Hoping For Swan Lake: Anna Jermolaewa

Anna Jermolaewa & Oksana Serheieva, Rehearsal for Swan Lake, 2023. Photo: Anna Jermolaewa. All images: licensed by Bildrecht, Vienna, 2024

The dissident artist’s videos probe the memory of state socialism. In tutus and pointe, her Austrian Pavilion at the 60th Venice Biennale envisions the downfall of Russia’s current evil sorcerer.

Ballerinas sit in splits on the floor and stretch their toes in pointe shoes, then line up before a mirror for the “Dance of the Little Swans.” It is a routine that takes place every day in countless dance schools and ballet companies. But the rehearsals in Anna Jermolaewa’s video installation Rehearsal for Swan Lake (2024) are driven by a hidden desire: They long for the end of a tyrant.

“In my youth, I experienced three times that there was nothing but Swan Lake on Russian state television all day,” says Jermolaeva, who was born in St. Petersburg in 1970. A loop of the lulling, magical story was played for the first time in 1982, following the death of Soviet head of state Leonid Brezhnev. Instead of an official death announcement, the political power vacuum was bridged on state TV with endless dance. With Tchaikovsky’s most famous work as a news blackout, the Communist regime bought itself time to regroup behind the scenes.

“My Swan Lake is a call for a change of power. Anyone who has lived in a Soviet country understands this code,” says Jermolaeva. The saying “I hope that Swan Lake will soon be on TV” has become a way of wishing Putin to hell. The video Rehearsal for Swan Lake will be shown in the Austrian pavilion at this year’s Venice Biennale. The artist, who fled the USSR in 1989, collaborated with Oksana Serheieva, a dancer and choreographer who left Ukraine for Vienna in 2022, marking an increasingly rare joint project between Ukrainian and Russian artists. Together, they cast and conceived the scenes and filmed them like a documentary. “I want to make people more aware of the war again,” says Jermolaeva about her paradoxically utopian contribution, using, of all things, a most clichéd Russian cultural export as a protest against Putin.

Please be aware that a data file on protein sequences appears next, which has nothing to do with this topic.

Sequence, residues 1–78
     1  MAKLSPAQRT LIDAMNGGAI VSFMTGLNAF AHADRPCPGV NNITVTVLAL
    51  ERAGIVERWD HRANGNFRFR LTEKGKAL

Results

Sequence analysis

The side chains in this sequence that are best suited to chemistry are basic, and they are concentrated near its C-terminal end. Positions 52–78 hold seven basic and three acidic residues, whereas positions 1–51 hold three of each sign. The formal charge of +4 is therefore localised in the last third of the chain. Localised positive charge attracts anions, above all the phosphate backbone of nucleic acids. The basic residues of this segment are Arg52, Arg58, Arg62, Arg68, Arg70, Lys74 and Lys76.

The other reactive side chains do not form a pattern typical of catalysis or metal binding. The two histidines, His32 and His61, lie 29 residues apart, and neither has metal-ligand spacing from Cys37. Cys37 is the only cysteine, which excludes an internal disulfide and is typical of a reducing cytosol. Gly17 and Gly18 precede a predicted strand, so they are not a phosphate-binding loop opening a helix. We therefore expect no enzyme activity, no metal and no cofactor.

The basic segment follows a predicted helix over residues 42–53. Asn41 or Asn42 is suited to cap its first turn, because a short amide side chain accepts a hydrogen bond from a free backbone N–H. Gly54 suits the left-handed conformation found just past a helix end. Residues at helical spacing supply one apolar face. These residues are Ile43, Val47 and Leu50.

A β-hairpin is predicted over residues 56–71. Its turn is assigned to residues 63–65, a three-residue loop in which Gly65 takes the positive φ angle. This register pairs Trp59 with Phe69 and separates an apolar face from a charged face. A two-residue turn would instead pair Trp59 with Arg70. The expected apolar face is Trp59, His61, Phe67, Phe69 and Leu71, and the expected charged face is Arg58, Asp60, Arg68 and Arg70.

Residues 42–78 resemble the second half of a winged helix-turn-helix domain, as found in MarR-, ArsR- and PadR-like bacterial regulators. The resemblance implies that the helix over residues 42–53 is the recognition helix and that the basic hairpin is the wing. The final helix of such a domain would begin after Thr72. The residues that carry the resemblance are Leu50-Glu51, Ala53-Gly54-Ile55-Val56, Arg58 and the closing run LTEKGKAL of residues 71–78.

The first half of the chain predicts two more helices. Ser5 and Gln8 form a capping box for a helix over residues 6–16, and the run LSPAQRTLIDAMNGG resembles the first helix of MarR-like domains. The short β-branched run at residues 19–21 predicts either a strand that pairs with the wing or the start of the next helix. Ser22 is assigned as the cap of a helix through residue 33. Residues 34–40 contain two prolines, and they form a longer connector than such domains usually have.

Self Portrait with Dictator, 2007, digital print, 52 x 50 cm

Self Portrait with Dictator, 2007, digital print, 52 x 50 cm

Jermolaeva’s first appearance at the Biennale occurred the same year that the former KGB man came to power, in 1999. Her invitation reads like a fairy tale: One day, a student in a media class at the Vienna Academy of Fine Arts received an unexpected fax. The sender was none other than curator Harald Szeemann who Jermolaeva had met at an academy show. As director of the 48th Biennale, he brought her video installation Hendl Triptych (Chicken Triptych, 1998) to the Arsenale, where three screens showed grill baskets and rotating spits of sizzling chickens. “This unembellished performance awakens the idea of victims of our consumption and progress, of inventions for penning-up and mass annihilation,” Szeemann wrote about the work, praising its “compelling frontality.”

From the very beginning, Jermolaewa has drawn her ideas from everyday life. Using her daughter’s toys in videos like Solo (featuring a drumming bunny, 1999) Crashtest (with a toy car, 2002), or Kiss (starring Mickey Mouse masks, 2006), she created laconic symbols of violence and the pressure to conform. The artist raises deeply existential questions with deceptively simple forms, as in Trying to Survive (2000), which features an army of wriggling roly-poly dolls that refuse to fall or stay down. In our interview, she rejects her categorization as a “political artist” in blunt terms: “All art is political!” emphasizes Jermolaewa, who admires the German Conceptual artist Hans Haacke and the Russian dissident performers Pussy Riot.